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favreaudinner

Jon Favreau seems to be the type of guy who’s pretty into food. No, that wasn’t a fat joke—he who lives in glass houses and whatnot—it’s just an observation coming after he hosted a talk show called Dinner For Five that was based on a crew of interesting people gathering around a table full of food, and now he’s reportedly taking a break from making wildly profitable (when not involving cowboys *and* aliens) blockbuster tentpole pictures in order to put together a little independent project that will see him doing a lot of cooking. The project, according to a scoop that came out of Variety, will see Favreau writing, directing, and starring in a film called Chef, which is said to be a comedy about an emotional chef who runs a Los Angeles-based restaurant.

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Bradley Cooper

Once The Hangover hit it big at the box office, Bradley Cooper and the rest of that film’s gang of miscreants suddenly found themselves in the position of transitioning from being utility players in the showbiz landscape to being viewed as commodities that could anchor films of their own. But ever since Cooper showed people that he could do a whole lot more than just play the cocky, funny guy with his Oscar nominated performance in Silver Linings Playbook, it’s looked like the sky is the limit concerning how far he can go as an actor. Today, with the news that Cooper has two big, new projects in the works, we see that sense of possibility begin to bear fruit. First up, Deadline is reporting that Warner Bros. has acquired the rights to the James Renner novel “The Man From Primrose Lane,” a book they intend on developing into a starring vehicle for our new favorite actor. Black List-approved screenwriter Chad Feehan (Beyond the Pale) will be doing the adapting of the story, which the book’s Amazon page describes by saying: “In West Akron, Ohio, there lived a reclusive elderly man who always wore mittens, even in July. He had no friends and no family; all over town, he was known as the Man from Primrose Lane. And on a summer day, someone murdered him. Fast-forward four years. David Neff, the bestselling author of a true-crime book about an Ohio serial killer, is a broken man after his wife’s inexplicable […]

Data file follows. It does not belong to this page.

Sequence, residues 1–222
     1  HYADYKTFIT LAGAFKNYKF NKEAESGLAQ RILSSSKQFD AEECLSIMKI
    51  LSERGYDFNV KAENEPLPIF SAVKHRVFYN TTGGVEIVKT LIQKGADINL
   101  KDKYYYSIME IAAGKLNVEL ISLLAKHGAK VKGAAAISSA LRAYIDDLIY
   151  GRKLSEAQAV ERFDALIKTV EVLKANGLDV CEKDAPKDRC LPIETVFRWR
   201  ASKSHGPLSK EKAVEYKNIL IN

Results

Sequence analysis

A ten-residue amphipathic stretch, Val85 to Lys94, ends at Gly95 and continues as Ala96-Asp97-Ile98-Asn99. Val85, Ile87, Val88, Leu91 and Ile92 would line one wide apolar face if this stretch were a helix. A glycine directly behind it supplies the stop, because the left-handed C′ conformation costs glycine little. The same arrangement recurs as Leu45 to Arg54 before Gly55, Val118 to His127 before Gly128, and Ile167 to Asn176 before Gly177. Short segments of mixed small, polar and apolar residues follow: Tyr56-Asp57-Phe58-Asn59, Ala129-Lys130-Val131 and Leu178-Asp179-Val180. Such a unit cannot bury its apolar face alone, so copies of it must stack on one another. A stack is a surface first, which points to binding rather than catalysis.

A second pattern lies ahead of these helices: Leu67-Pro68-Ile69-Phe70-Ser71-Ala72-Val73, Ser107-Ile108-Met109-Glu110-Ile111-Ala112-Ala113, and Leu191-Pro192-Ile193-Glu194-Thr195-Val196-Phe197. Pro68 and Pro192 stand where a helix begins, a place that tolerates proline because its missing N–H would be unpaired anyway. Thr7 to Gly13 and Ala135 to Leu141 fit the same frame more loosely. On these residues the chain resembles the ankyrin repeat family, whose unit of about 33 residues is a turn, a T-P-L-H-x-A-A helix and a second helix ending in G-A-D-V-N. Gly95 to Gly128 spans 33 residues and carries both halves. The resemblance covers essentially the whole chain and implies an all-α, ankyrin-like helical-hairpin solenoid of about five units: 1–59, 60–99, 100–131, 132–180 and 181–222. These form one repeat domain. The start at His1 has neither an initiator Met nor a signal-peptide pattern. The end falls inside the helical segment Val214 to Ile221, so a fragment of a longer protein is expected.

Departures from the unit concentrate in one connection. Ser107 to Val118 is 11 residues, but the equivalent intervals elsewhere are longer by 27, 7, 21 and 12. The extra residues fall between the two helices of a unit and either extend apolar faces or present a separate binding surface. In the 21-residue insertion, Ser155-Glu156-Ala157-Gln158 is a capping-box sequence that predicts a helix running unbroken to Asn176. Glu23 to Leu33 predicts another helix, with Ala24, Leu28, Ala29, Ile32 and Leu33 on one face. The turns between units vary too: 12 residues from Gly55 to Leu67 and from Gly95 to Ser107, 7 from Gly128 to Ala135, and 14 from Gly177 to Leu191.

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published: 11.21.2014
D
published: 11.21.2014
B+
published: 11.19.2014
C+
published: 11.19.2014
B-, C